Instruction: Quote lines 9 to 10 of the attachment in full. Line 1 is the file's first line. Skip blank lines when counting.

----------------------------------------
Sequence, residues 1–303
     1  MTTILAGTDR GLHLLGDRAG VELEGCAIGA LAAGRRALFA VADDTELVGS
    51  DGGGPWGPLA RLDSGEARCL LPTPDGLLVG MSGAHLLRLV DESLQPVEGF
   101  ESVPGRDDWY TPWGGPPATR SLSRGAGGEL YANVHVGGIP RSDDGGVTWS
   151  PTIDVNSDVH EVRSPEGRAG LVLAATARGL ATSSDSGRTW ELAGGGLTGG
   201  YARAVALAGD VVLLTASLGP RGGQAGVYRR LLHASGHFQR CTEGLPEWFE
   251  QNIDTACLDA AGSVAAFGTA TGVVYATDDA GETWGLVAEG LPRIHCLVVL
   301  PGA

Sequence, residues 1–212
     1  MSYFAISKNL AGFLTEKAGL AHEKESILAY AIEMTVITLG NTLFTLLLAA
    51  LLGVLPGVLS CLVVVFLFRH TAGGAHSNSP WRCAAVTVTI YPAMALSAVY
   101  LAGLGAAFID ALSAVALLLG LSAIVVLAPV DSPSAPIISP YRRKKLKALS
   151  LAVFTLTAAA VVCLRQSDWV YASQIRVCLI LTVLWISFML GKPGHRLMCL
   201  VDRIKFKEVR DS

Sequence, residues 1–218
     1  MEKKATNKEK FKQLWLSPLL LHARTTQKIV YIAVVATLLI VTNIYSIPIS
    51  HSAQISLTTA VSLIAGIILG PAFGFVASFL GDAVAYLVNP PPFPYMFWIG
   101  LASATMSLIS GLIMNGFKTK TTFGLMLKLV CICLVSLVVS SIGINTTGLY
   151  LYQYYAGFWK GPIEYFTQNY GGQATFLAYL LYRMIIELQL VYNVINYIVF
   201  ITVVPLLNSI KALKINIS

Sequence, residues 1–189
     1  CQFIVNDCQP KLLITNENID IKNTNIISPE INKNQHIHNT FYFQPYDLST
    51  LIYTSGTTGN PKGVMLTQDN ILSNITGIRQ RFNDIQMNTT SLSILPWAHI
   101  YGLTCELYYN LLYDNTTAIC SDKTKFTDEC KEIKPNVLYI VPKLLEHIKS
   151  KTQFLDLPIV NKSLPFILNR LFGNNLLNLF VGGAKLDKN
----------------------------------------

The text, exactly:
Sequence, residues 1–212
     1  MSYFAISKNL AGFLTEKAGL AHEKESILAY AIEMTVITLG NTLFTLLLAA